mailing list archives
Re: Where NAT disenfranchises the end-user ...
From: Doug Clements <dsclements () linkline com>
Date: Thu, 06 Sep 2001 19:14:23 -0700
on 9/6/01 10:13 AM, Roeland Meyer at rmeyer () mhsc com wrote:
To be honest, even though I've used NAT myself and have implemented NAT for
friends and clients, I would NEVER represent that a NAT'd address has the
full connectivity to the Internet that a static address does. I've had many
people ask me why. I've even gotten some hate-mail from members of this
forum over this. The attached message is one instance-proof of where NAT is
You are correct in that one:many NAT isn't a "full" internet connection, and
I agree that it shouldn't be represented as such.
A business that requires direct Internet access can't use NAT at the border.
Not true. While I expect you will take this as nitpicking, one:one NAT is
very conveniently used for servers while one:many NAT can be used for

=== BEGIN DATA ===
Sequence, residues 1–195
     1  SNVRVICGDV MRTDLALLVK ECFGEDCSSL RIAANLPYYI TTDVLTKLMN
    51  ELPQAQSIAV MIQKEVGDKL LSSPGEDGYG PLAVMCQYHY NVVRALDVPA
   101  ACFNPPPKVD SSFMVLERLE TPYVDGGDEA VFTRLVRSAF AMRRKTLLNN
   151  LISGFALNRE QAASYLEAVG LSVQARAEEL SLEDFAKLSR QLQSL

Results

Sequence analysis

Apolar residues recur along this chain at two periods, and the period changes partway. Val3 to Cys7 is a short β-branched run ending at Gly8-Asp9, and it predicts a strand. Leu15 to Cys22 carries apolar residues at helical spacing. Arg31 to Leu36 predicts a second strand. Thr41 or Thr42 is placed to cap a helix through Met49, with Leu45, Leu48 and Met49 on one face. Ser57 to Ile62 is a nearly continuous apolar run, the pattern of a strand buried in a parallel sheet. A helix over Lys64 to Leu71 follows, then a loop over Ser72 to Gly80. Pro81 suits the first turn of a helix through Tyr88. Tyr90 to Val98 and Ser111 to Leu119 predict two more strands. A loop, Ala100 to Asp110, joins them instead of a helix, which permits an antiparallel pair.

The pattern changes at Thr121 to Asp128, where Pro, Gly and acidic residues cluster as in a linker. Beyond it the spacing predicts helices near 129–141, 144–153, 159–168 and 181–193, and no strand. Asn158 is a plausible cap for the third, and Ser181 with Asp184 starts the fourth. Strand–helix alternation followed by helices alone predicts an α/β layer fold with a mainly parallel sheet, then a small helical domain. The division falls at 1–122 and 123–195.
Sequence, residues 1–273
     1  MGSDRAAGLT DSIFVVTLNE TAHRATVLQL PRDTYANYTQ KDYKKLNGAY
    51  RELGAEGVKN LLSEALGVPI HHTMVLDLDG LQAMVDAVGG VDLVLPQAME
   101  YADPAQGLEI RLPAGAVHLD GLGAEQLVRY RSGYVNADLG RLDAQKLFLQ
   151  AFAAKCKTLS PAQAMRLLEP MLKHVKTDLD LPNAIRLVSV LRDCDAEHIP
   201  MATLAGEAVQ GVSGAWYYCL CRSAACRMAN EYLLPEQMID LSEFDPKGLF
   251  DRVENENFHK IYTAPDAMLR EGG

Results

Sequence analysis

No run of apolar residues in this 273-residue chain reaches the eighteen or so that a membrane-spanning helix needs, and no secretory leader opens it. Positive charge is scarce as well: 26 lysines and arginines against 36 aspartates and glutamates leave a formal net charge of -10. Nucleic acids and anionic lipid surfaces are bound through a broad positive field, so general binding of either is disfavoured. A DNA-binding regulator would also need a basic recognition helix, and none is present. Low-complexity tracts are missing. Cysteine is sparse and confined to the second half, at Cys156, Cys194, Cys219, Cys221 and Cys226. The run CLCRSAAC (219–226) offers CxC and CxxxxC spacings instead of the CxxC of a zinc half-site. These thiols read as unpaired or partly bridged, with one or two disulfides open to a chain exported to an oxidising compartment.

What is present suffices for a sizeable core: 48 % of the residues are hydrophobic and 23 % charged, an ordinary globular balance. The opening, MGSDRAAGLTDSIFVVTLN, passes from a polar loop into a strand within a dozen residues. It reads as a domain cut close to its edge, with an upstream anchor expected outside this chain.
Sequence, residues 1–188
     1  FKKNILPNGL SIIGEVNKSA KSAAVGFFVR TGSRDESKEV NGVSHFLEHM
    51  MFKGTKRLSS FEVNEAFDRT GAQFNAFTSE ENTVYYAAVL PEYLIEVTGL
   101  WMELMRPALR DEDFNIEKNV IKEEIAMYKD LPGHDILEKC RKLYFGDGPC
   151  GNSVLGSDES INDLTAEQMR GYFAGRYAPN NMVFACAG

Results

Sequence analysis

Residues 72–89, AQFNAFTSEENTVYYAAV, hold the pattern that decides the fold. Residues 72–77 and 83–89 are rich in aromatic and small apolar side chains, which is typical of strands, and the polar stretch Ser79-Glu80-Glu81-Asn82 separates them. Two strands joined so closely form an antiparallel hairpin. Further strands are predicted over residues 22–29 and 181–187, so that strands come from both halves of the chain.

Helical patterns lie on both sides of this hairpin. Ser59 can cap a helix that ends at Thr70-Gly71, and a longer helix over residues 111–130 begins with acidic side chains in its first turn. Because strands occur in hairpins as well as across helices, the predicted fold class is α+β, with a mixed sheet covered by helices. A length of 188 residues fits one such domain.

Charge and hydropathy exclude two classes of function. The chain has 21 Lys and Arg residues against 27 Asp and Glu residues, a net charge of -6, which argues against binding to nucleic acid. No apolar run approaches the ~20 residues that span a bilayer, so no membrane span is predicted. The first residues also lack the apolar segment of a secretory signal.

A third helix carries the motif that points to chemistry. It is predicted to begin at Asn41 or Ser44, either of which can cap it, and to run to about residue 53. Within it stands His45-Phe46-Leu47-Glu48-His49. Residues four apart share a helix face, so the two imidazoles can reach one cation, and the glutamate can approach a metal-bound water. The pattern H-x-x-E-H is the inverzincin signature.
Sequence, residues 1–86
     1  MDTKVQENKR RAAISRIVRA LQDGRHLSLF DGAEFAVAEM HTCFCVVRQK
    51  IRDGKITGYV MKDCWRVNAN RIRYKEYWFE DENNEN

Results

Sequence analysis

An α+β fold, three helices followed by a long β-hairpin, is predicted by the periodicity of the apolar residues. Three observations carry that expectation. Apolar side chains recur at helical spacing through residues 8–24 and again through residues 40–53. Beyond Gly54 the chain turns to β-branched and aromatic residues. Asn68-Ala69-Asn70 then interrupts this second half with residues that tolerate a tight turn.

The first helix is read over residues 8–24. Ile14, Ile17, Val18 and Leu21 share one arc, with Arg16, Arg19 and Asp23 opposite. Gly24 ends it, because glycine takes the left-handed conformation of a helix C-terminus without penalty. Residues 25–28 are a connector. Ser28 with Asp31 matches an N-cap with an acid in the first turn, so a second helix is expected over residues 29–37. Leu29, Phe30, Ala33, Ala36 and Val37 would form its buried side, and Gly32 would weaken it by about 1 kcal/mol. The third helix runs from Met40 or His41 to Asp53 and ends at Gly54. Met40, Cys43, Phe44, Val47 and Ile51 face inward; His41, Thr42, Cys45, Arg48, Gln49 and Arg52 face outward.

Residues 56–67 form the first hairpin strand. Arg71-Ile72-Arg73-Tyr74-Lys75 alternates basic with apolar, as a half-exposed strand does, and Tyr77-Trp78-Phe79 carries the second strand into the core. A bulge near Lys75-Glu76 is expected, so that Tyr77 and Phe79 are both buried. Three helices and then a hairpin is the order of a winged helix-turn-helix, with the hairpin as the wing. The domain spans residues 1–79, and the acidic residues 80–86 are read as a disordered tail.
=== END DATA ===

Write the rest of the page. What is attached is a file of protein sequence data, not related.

generic workstation access while preserving a consistent LAN numbering
scheme. Anything that a "full" internet connection gets you will also work
with one:one NAT.
A business that delivers services to the internet can't use NAT, for their
application servers, at all.
This is laughable. You're telling me that we can't use our Alteons or
Arrowpoints that use NAT to provide (redundant and load balanced!) internet
services? I guess we should just go back to the One Big Web Server days, and
put all our MS SQL database servers out in "full" view of the internet. Now
there's any idea.